PET-CT is an important diagnostic and prognostic tool in cancer treatment. From diagnosis to staging, from monitoring to evaluating a patient’s treatment response, PET-CT plays a pivotal role in all major phases of the cancer journey.
PET-CT (Positron Emission Tomography/Computed Tomography) is a nuclear medicine imaging method that combines the structural information from the CT scan along with the metabolic activity information from the PET scan for better diagnostic support.
The data from PET and CT imaging are combined for two or three-dimensional image reconstruction with the help of a software system. These combined scans help oncologists in pinpointing anomalies and devising the best treatment plan for various cancers and other diseases.
How Does PET-CT Work?
Before the scan, the radiotracer is injected into the patient’s vein. A radiotracer comprises a radioactive isotope and a bio-molecule such as glucose. Later, the patient will be made to wait for 45 – 60 minutes for it to be absorbed by the body cells.
Once the radiotracer is injected, it reaches those regions in the body that utilise glucose.
Tumour cells, for instance, absorb more glucose as they need the energy to dividerapidly. During the imaging, we will be tracking the radioactive emissions by the radioactive isotope that is tagged with glucose. Those areas with increased glucose or radiotracer absorption appear as bright spots.
A special camera is used to detect these radioactive emissions and produce images of the metabolic activity of the scanned region. A CT scan that is carried out simultaneously captures the X-ray images of internal organs from different angles.
A computer then combines the data from PET and CT scans to produce 3-dimensional images of internal organs. Any abnormalities like tumours can be easily and accurately detected through a PET-CT scan.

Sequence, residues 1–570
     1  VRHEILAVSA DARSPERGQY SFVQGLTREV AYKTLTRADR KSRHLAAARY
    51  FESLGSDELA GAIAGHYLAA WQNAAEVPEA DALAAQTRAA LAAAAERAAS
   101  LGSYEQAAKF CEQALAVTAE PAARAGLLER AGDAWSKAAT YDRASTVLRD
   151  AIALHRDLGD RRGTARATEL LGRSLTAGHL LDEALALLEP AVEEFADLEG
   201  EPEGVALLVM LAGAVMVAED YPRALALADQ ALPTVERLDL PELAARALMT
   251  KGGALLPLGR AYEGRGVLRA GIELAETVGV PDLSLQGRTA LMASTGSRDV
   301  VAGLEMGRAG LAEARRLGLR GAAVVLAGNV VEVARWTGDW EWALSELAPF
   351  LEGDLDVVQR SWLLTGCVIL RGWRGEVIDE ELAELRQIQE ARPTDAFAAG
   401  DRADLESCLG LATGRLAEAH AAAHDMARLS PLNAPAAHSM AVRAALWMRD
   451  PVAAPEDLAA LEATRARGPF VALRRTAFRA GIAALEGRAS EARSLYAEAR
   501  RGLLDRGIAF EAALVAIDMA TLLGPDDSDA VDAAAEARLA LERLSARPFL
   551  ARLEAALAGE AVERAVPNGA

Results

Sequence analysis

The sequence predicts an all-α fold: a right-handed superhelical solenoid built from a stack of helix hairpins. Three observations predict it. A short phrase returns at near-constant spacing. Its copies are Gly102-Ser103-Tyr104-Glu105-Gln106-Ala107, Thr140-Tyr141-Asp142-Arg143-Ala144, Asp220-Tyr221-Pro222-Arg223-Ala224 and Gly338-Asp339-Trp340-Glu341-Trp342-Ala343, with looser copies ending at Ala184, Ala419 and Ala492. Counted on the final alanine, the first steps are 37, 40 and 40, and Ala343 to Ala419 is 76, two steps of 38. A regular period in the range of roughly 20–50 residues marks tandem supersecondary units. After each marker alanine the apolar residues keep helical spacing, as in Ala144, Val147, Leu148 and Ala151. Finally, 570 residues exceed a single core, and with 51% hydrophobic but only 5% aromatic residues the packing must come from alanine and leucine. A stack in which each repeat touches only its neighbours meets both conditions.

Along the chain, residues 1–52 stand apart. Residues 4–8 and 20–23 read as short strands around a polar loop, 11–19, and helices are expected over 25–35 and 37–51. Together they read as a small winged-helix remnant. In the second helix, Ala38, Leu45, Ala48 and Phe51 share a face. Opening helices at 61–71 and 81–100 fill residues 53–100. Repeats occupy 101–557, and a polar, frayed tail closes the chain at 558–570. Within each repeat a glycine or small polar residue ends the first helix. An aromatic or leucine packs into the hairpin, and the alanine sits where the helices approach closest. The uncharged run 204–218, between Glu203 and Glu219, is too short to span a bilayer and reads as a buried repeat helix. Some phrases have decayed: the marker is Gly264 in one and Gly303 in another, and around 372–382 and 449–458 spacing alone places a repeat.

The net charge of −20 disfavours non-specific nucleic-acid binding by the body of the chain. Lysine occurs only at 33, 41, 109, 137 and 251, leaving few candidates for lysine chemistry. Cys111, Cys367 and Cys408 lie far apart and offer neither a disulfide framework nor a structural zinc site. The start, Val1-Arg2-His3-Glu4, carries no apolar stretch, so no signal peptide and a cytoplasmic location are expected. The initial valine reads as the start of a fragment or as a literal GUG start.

Advantages of PET-CT Imaging
PET-CT imaging has numerous advantages:
- Through enhanced accuracy, PET-CT supports the right diagnosis and thereby, the right clinical decisions.
- PET-CT helps specialists detect cancers in their early stages when they can be treated with positive outcomes.
- By providing highly reliable information about the lesions or abnormal masses, PET-CT imaging helps in effective treatment planning.
- PET-CT imaging also helps assess the patient’s response to the treatment given.
- PET-CT can help prevent unnecessary invasive procedures and retests by providing helpful, comprehensive molecular and structural data at once.
- This imaging process is non-invasive and takes less time. There is no downtime or recovery required for the patients after the test.
- PET-CT imaging also plays an important role in radiotherapy planning.
Frequently Asked Questions
A radiotracer chemical is used during the imaging; however, the radiation exposure is low. It is a safe procedure. If you have any concerns about PET-CT, kindly discuss them with your doctor before the procedure.
Also, pregnant and lactating women should talk to their doctors before the procedure to understand the potential risks.
- You will be asked not to eat for about six hours before your scan.
- You will also be asked to refrain from exercising for 24 hours before the scan.
- Right before the procedure, you will be asked to remove metal objects like jewellery, eyeglasses, hairpins, dentures, etc., as these may affect the CT scan results.
- Women should always inform their doctor if they are pregnant or breastfeeding.
Eat normally and drink plenty of fluids once the procedure is complete. You should be okay after the scan and can resume normal activities right after the procedure.
FDG, which is the radiotracer injected, is similar to glucose. However, it is injected in smaller quantities, and it will not affect your blood glucose level.